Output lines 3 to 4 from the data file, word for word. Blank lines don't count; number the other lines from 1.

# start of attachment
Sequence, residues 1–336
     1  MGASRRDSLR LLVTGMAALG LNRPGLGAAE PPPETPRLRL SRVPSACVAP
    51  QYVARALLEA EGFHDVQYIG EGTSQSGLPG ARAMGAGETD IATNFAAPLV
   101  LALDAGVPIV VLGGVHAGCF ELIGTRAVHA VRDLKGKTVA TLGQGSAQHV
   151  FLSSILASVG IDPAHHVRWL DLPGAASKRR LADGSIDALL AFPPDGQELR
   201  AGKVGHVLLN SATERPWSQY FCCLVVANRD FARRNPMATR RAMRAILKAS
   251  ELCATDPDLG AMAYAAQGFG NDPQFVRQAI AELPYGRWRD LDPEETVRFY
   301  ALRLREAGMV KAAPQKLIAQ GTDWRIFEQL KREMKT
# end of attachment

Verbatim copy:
    51  QYVARALLEA EGFHDVQYIG EGTSQSGLPG ARAMGAGETD IATNFAAPLV
   101  LALDAGVPIV VLGGVHAGCF ELIGTRAVHA VRDLKGKTVA TLGQGSAQHV